The Plastic Surgery Foundation
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Grants We Funded

Grant Applicants for 2020 requested more than $4.1 million. The PSF Study Section Subcommittees of Basic and Translational Research and Clinical Research Evaluated 111 applications on the following topics:

The PSF awarded Research Grants totaling more than $860,000 to support 24 plastic surgery research proposals.

The American Society of Plastic Surgeons/PSF leadership is committed to continuing to provide high levels of investigator-initiated research support to ensure that plastic surgeons have the needed research resources to be pioneers and innovators in advancing the practice of medicine.

Research Abstracts

Search The PSF database to have easy access to full-text grant abstracts from past PSF-funded research projects 2003 to present. All abstracts are the work of the Principal Investigators and were retrieved from their PSF grant applications. Several different filters may be applied to locate abstracts specific to a particular focus area or PSF funding mechanism.

Rapid Detection of Vessel Occlusion in Free Tissue Transfer

Principal Investigator
Timothy King MD, PhD

Year
2009

Institution
University of Wisconsin-Madison (Board of Regents University of Wisconsin System)

Funding Mechanism
Pilot Research Grant

Focus Area
Microsurgery, Technology Based

Abstract
Plastic surgeons rely on free tissue transfer for complex reconstructions. The greatest risk in free tissue transfer is occlusion of the blood vessels supplying the tissue. Vessel occlusion occurs in up to five percent of free tissue transfers, potentially leading to complete tissue loss. Fortunately, if blood flow is restored within four hours of occlusion the tissue transfer can be salvaged. Methods exist to detect occlusion, but they are limited by low sensitivity, poor specificity, delay in detection, and cost.

Monitoring of metabolites inside the transferred tissue offers a new frontier in the detection of vessel occlusion. These metabolites provide continuous updates of tissue perfusion. We demonstrated in a pilot study that tissue glucose is 97% sensitive for vessel occlusion, detecting tissue ischemia within one hour of the occlusion. Cost and technical barriers prevented previous implementation of glucose monitoring in clinical practice. Due to advances in biosensor design, inexpensive and reliable continuous glucose monitors are now commercially available.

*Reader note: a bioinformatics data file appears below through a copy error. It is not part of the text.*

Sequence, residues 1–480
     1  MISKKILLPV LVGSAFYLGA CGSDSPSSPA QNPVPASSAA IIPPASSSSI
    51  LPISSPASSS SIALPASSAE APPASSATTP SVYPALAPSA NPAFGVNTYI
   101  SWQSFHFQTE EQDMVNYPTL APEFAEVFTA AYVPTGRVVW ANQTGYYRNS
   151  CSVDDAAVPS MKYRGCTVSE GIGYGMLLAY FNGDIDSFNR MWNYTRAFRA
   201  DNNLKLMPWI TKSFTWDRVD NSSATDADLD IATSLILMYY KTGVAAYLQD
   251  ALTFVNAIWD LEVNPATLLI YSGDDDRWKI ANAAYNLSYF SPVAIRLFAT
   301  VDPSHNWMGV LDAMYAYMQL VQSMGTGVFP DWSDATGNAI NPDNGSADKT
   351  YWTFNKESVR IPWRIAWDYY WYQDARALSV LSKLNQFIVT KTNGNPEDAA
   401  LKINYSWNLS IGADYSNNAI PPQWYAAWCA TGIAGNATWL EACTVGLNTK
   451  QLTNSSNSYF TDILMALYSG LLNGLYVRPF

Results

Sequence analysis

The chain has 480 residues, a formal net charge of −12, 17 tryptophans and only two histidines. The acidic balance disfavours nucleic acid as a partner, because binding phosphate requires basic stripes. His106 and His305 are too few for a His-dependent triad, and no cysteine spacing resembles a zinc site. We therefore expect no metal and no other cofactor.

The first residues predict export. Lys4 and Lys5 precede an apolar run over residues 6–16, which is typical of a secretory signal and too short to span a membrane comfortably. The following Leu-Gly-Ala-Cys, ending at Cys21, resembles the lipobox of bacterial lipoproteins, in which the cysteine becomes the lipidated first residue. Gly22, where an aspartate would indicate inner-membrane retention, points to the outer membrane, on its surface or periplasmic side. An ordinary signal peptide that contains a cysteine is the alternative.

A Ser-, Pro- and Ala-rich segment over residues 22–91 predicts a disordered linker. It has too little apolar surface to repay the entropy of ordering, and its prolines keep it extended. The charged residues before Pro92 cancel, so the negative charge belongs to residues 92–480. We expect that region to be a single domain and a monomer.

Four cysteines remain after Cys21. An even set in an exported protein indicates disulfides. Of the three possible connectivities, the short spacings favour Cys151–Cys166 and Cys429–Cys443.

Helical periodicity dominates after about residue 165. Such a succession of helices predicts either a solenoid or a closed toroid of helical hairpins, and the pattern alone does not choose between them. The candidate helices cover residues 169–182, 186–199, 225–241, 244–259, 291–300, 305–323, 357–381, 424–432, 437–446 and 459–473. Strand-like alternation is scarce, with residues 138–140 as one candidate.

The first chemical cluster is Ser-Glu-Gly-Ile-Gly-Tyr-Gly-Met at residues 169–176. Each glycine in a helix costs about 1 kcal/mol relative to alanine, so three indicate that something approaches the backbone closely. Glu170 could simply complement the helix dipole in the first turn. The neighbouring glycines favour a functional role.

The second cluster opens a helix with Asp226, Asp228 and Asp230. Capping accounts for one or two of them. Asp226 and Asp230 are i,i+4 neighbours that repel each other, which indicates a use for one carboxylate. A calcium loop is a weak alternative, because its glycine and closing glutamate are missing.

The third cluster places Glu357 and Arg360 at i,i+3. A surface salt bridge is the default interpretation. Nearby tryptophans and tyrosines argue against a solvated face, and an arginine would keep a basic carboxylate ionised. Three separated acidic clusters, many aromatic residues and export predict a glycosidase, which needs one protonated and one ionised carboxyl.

We hypothesize that continuous glucose monitors can provide rapid and accurate detection of vessel occlusion following free tissue transfer. To test our hypothesis, we will use a continous glucose monitor to measure tissue glucose levels following vessel occlusion in a rodent model of free tissue transfer. Our study will also identify the time delay between vessel occlusion and detection of tissue ischemia. Further, we will determine the sensitivity and specificity of specific glucose thresholds for vessel occlusion.

This study investigates the use of glucose monitoring to detect vessel occlusion rapidly and accurately, allowing surgeons to repair the occlusion and salvage the tissue transfer. This research may dramatically improve patient outcomes after free tissue transfer, changing both how surgeons monitor for vessel occlusion and eliminating the devastating consequences of undetected occlusion.

Biography
Timothy W. King, MD, PhD is an Assistant Professor and the Director of Research for the Division of Plastic Surgery at The University of Wisconsin School of Medicine and Public Health. After earning a BS and MS in Bioengineering at Texas A&M University, he received his MD/PhD degree at The University of Texas-Houston. His PhD research was completed in the Department of Plastic Surgery at MD Anderson Cancer Center where he studied angiogenesis in a tissue engineering model resulting in two U.S. patents. His plastic surgery residency was at the NYU Medical Center Institute of Reconstructive Plastic Surgery followed by a fellowship in Pediatric Plastic Surgery at Northwestern University Children’s Memorial Hospital. Dr. King’s research involves the development of engineered constructs for use in wound healing and reconstructive plastic surgery. He is also conducts translational research to improve microvascular free flap monitoring.